AI can significantly augment the traditional drawing process, offering artists new avenues to enhance their craftsmanship and creative expression.

Using AI for Concept Development

Artists can use AI tools to quickly generate and refine ideas, ensuring an efficient concept development phase. Applications like Dall-E 2 provide immediate visual outputs based on text prompts, which can serve as a source of inspiration for artists to further develop and refine manually.

AI as a Learning Tool

AI’s capacity for instant feedback can be pivotal in the learning curve for new artists. Tools equipped with machine learning can analyze an artist’s work and provide constructive critiques or suggest style adaptations, thus facilitating rapid skill improvement.

Enhancing Creativity with AI

AI algorithms also enable artists to experiment with different styles and techniques. Through the use of style transfer, artists can merge their hand-drawn artwork with the signature styles of historical art movements or other artists, effectively broadening their creative palette.

Strategies for Learning to Draw

In learning to draw, one should focus on methodical approaches, consistent practice, and setting clear objectives. These key strategies enhance skill development and help maintain momentum in the learning process.

Setting Achievable Goals

  • Short-term Objectives: Break the learning process into smaller, manageable goals such as mastering basic shapes or understanding perspective, ensuring progress can be quantified.
  • Long-term Aspirations: Envision where you want your drawing abilities to be in a year or more to maintain direction and motivation.

Creating a Learning Plan

  1. Skill Breakdown: Isolate specific drawing skills to focus on one at a time, such as line quality or shading techniques.
  2. Resource Allocation: Utilize various learning tools, including books, online tutorials, or local classes, to cater to different aspects of drawing.

Practice and Persistence

  • Regular Practice: Dedicate time to draw regularly, even if it’s brief sessions, to build muscle memory and improve technique.
  • Reflective Persistence: Regularly review progress to identify areas of improvement and celebrate growth in skills, which can prevent burnout and uphold enthusiasm.

Frequently Asked Questions

Is It Still Worth Learning to Draw When You Can Just Use AI?

Yes, it’s still worth learning to draw even with the rising popularity of AI art. Drawing is a highly sought after skill (if not requirement) for any industry involving art. Plus learning art and drawing itself has many benefits that are completely missed when using AI to generate art.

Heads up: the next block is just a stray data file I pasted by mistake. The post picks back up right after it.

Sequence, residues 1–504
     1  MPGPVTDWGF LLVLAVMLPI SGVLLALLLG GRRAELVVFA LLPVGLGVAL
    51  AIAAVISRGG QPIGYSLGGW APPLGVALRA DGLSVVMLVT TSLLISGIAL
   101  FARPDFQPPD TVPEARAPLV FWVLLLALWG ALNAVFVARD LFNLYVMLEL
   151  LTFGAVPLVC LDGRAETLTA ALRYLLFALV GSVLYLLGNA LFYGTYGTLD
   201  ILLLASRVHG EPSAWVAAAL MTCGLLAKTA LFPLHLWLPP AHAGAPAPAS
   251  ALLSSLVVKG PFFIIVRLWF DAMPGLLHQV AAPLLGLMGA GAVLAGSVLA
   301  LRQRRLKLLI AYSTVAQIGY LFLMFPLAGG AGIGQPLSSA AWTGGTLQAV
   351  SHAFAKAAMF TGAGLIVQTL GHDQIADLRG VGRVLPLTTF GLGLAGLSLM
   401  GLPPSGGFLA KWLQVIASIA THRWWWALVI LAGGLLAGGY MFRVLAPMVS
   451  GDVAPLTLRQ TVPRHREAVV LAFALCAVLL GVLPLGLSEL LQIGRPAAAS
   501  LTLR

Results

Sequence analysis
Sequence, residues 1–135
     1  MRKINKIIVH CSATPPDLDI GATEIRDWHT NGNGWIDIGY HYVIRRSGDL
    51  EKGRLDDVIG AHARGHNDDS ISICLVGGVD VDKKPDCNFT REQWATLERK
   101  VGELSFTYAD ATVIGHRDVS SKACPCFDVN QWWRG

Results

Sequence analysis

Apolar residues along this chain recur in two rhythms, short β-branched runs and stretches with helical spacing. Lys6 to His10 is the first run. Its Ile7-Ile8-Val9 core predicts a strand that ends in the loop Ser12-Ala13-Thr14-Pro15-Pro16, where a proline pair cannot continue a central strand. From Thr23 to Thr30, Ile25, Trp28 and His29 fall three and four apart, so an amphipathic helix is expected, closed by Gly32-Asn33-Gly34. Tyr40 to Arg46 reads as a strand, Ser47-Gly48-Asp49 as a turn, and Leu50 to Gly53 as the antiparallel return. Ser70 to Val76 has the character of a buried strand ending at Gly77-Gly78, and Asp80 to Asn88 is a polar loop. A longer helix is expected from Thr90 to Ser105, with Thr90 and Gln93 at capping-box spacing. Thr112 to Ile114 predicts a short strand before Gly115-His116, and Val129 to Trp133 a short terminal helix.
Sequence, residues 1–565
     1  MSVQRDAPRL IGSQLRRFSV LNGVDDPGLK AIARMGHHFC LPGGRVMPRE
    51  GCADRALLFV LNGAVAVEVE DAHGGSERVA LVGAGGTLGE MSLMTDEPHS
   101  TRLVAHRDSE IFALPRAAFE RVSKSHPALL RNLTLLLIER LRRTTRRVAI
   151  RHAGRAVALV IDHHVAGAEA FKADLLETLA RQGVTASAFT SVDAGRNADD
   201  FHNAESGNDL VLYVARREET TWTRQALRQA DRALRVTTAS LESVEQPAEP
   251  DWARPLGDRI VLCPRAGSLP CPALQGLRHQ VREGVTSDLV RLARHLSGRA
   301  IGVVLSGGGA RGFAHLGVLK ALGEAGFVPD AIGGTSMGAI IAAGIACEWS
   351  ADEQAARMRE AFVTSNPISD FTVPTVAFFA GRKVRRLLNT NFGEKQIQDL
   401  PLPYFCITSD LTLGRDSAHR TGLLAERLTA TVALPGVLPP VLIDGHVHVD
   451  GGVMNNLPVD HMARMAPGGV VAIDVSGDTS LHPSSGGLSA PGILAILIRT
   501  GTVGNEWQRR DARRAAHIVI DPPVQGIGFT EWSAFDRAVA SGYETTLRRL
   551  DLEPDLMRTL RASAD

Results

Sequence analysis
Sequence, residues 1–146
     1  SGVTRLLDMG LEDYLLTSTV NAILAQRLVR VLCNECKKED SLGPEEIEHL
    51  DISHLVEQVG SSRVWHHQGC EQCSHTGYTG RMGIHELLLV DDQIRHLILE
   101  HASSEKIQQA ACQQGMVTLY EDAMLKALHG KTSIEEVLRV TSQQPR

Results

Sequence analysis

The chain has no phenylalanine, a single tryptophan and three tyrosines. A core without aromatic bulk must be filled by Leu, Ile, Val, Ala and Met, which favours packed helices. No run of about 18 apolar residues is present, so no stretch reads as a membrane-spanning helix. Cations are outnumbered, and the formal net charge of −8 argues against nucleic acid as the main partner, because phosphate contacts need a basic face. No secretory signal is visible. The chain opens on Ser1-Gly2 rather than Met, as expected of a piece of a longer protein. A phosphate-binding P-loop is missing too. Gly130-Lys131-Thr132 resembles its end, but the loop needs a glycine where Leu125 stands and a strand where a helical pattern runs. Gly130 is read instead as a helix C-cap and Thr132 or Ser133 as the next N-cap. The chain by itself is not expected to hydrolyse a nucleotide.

How does the rise of AI art generation impact the value of traditional art skills?

Traditional art skills remain valuable as they provide a foundational understanding of artistic principles that AI cannot replicate. Human perception, emotion, and hand-eye coordination are intrinsic to traditional artwork and maintain its unique value.

What are the potential benefits of artists learning to draw despite advancements in AI?

Artists who learn to draw can cultivate a deeply personal and expressive connection to their work. They develop critical thinking and problem-solving skills that are valuable beyond the creation of visual art and allow for a tangible intimacy with their craft that AI cannot achieve.

How might AI tools contribute to the learning process for beginner artists?

AI tools can act as a supplement in art education, offering beginner artists the opportunity to explore various styles and techniques quickly. This immediate feedback can help accelerate learning and help beginners understand complex concepts in a more accessible way.


Drawing’s Effect on Memory

Fernandes, M. A., Wammes, J. D., & Meade, M. E. (2018). The Surprisingly Powerful Influence of Drawing on Memory. Current Directions in Psychological Science, 27(5), 302-308.

Wammes, J. D., Meade, M. E., & Fernandes, M. A. (2016). The drawing effect: Evidence for reliable and robust memory benefits in free recall. Quarterly journal of experimental psychology (2006)69(9), 1752–1776.

Drawing and Comprehension

Center for Science, Mathematics & Computer Education. (n.d.). The science of drawing and memory. University of Nebraska–Lincoln. Retrieved March 16, 2024, from

Quillin, K., & Thomas, S. (2015). Drawing-to-learn: a framework for using drawings to promote model-based reasoning in biology. CBE life sciences education14(1), es2.

Drawing and Stress Reduction

Law, M., Karulkar, N., & Broadbent, E. (2021). Evidence for the effects of viewing visual artworks on stress outcomes: a scoping review. BMJ open11(6), e043549.

As an Amazon Associate, we earn from qualifying purchases made on our website. If you make a purchase through links from this website, we may get a small share of the sale from Amazon and other similar affiliate programs. You can read our complete legal information for more details.